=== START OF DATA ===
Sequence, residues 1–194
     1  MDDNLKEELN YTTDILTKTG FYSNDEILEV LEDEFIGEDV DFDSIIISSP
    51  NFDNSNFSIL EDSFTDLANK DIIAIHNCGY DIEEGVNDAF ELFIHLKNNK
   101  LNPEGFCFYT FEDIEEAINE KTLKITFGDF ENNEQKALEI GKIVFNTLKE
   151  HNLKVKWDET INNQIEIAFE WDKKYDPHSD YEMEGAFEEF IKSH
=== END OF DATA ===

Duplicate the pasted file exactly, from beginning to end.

Sequence, residues 1–194
     1  MDDNLKEELN YTTDILTKTG FYSNDEILEV LEDEFIGEDV DFDSIIISSP
    51  NFDNSNFSIL EDSFTDLANK DIIAIHNCGY DIEEGVNDAF ELFIHLKNNK
   101  LNPEGFCFYT FEDIEEAINE KTLKITFGDF ENNEQKALEI GKIVFNTLKE
   151  HNLKVKWDET INNQIEIAFE WDKKYDPHSD YEMEGAFEEF IKSH